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  1. Vinay plays cricket, so does Ashok.

We use so+ auxiliary verb when second person( Ashok in case of above sentence) shows agreement with positive sentence. Here in 1 sentence i have no confusion.

  1. He can speak French, and so can speak German.

What about this sentences. It seems correct grammatically correct but doesn't make any sense. French and German are two different language. So if one can speak French than it is not necessary that one can also speak German. So i am confused if it is correct way to write this.

2.

  1. I don't like coffee, neither does he. This sentence is correct.

  2. I seldom went to Christmas parties, neither did he.

Is the second sentence correct? When i read this sentence It seems "neither" does't fit here. I mean it doesn't fit in the flow of a sentence (it's look like breaker on road when we have to slow our car).

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So can be used to say that another subject is doing something "as well" or "in addition." - you can keep things in one sentence with so but not with as well or in addition (so that's why it happens in speech often):

Vinay plays cricket, and so does Ashok.

Vinay plays cricket. Ashok does as well.

But if there's a second action, so takes on the meaning of because of that:

He can speak French, and so can speak German.

He can speak French and because of that he can speak German.

Don't use so at all, simply say

He can speak French and German.


The problem with this:

I seldom went to Christmas parties, neither did he.

is that while "seldom went" has the meaning does not go that often, it's not a verb in negative form, so neither doesn't correctly link back to it.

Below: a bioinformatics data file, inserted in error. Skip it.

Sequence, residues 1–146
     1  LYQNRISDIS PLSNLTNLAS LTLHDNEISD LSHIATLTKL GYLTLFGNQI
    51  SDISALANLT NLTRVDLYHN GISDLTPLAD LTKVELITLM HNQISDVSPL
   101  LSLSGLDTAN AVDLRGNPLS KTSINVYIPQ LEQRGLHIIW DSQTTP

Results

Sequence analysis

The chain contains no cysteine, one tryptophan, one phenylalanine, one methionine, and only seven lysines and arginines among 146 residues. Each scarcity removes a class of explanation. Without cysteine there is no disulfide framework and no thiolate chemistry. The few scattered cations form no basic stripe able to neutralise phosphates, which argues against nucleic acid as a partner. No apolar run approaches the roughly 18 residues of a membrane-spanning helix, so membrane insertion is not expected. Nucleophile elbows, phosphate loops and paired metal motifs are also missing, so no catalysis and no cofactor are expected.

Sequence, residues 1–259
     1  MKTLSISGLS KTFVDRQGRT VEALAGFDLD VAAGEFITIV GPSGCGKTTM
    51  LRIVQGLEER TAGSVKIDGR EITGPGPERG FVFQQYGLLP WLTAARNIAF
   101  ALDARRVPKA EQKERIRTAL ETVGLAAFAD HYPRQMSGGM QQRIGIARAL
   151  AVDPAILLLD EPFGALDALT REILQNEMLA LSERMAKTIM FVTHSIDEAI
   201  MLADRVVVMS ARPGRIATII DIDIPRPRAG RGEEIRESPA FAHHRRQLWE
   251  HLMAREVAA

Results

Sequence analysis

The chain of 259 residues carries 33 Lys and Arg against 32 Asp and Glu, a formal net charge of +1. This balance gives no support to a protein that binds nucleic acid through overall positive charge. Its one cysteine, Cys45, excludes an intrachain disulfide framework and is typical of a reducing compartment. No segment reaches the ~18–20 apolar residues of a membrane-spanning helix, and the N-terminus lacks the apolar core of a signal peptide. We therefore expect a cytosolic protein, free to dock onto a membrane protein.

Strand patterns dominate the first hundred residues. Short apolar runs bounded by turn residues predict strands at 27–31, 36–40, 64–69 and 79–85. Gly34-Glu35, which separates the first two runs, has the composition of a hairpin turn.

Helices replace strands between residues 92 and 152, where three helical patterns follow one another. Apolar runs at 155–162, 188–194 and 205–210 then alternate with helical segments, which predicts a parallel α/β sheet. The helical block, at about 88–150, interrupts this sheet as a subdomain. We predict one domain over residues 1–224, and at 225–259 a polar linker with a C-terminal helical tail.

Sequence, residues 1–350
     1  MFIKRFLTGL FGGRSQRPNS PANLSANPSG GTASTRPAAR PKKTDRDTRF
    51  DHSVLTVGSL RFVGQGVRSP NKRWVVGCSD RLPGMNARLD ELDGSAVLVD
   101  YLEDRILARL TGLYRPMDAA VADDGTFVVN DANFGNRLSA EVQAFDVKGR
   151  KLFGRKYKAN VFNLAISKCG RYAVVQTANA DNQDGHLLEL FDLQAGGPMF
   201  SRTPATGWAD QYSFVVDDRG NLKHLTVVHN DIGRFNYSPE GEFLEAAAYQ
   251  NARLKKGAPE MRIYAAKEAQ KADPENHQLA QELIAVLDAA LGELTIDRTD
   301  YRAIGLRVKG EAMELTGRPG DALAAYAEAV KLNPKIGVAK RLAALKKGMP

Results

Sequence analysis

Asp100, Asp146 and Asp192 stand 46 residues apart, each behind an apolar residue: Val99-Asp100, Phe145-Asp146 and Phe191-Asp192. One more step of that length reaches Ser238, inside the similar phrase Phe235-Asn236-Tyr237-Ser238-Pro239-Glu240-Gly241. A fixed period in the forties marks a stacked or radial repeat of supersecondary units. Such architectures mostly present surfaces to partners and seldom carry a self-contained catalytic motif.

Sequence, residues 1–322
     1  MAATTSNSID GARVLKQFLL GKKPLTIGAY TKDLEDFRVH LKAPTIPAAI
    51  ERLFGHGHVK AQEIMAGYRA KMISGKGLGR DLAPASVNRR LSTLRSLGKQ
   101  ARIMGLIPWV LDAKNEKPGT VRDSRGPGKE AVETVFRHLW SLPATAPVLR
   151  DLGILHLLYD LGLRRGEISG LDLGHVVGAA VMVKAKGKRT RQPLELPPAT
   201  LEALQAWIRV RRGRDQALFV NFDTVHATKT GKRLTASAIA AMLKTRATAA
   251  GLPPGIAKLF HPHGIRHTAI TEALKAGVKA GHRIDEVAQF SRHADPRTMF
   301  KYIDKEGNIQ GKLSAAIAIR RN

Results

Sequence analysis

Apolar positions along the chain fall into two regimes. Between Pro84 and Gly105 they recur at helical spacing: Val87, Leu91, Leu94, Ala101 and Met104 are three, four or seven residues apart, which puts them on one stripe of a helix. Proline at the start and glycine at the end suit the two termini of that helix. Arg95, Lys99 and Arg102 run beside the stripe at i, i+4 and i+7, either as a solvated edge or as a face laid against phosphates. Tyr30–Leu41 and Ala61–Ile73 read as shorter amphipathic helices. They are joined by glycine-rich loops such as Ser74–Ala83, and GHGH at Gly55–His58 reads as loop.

You can either change "seldom went" to a negative verb, add "he" to the subject of the sentence, or make "neither did he" a full sentence with "either". ("Seldom" is one of those words you generally don't want to overuse by using it in two sentences in a row.)

I didn't tend to go to Christmas parties, neither did he.

He and I seldom went to Christmas parties.

I seldom went to Christmas parties. He didn't usually show up to them either.

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the adverb "so" is used in different senses. You can also use it to mean "in the same way, too/as well" when you want to say that something that has just been said about one person or thing is true about another. But it can only be done when both clauses of a sentence are in the affirmative, not in the negative. In the negative sentences, we use "neither instead of "so".

Vinay plays cricket, and so does Ashok.

He laughed, and so did I.

He's been ill, and so has his wife.

All these sentences are correct as both clauses are in the affirmative, but the following sentence is grammatically incorrect because the first clause is in the affirmative and the the second one is in the negative:

I seldom went to Christmas parties, neither did he.

The correct sentence is "I seldom went to Christmas parties, and so did he". The adverb "seldom"is actually a negative-like word that means "on a few occasions (not often), so we can't consider the first clause of the sentence to be purely negative and use neither in the second clause.

He can speak French, and so can he German.

As for this sentence, although it makes no sense as pointed out by the OP, but it's grammatically correct, in which the "so" has been used to mean "with the result". "As he learned, so did he teach (THE FREE DICTIONARY). Maybe, the two languages are so closely related that when you know French you can also speak German. In that case, the sentence will make sense. I don't know.

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